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An exploratory study of the information needs and behavior of graduate students of management sciences at the Centre for Operations Excellence, Faculty of Commerce, University of British Columbia

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Title: An exploratory study of the information needs and behavior of graduate students of management sciences at the Centre for Operations Excellence, Faculty of Commerce, University of British Columbia
Author: Sheth, Jessica M.
Degree Master of Library Information Studies - MLIS
Program Archival Studies and Library Information Studies
Copyright Date: 2000
Subject Keywords University of British Columbia. -- Faculty of Commerce and Business Administration. -- Centre for Operations Excellence; University of British Columbia. -- Library; Business information services; Information science; Library science
Abstract: The purpose of the study was to provide insights into the information seeking behaviors and needs of graduate students of Management Sciences at the Centre for Operations Excellence, University of British Columbia. The study describes major aspects of the information seeking patterns taking into account the whole phenomena: from the nature of the original situation where and when the need was recognized, to the characteristics of the information seeker, to the providers which were consulted and degrees of success. Using the case-study method and the sense-making approach, data were gathered through logs, interviews, and a questionnaire. Verbal protocols helped to delve and probe into the qualitative aspects of the search behavior resulting in a model for the search process. Findings revealed that the students went through six stages during their research: [1] Task defining, [2] Focus forming, [3] Monitoring and reviewing, [4] Selecting and sieving, [5] Interpreting, and [6] Presenting. Typically, information seeking occurred in context of task achievement which was affected by various factors such as time, cost, prior knowledge, feedback, motivation and experience and perception of students. A user survey demonstrated that [1] informal channels were used more avidly in information seeking than formal channels, [2] information service providers were not consulted on a regular basis, [3] UBC libraries were very rarely used, [4] factors such as time, location, motivation, cost, perception, feedback played an integral role in information seeking and task completion, [5] satisfaction with services of service provider were based on the relevance, currency, timeliness and accuracy of information provided, and [6] usage of information was weighed against the benefit to analysts. Recommendations for action and further study and a service model were the outcomes of the findings.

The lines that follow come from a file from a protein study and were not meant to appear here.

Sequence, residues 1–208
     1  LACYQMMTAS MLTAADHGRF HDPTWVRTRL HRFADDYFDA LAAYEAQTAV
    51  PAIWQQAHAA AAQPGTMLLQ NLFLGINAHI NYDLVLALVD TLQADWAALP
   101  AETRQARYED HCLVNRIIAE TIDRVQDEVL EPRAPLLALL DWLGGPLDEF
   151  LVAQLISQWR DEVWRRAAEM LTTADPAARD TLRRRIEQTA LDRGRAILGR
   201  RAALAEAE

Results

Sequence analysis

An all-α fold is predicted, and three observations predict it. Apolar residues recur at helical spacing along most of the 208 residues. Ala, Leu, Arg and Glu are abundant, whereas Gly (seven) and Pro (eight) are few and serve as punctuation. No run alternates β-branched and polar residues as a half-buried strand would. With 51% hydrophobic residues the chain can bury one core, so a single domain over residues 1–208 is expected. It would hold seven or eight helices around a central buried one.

URI: http://hdl.handle.net/2429/10498
Series/Report no. UBC Retrospective Theses Digitization Project [http://www.library.ubc.ca/archives/retro_theses/]

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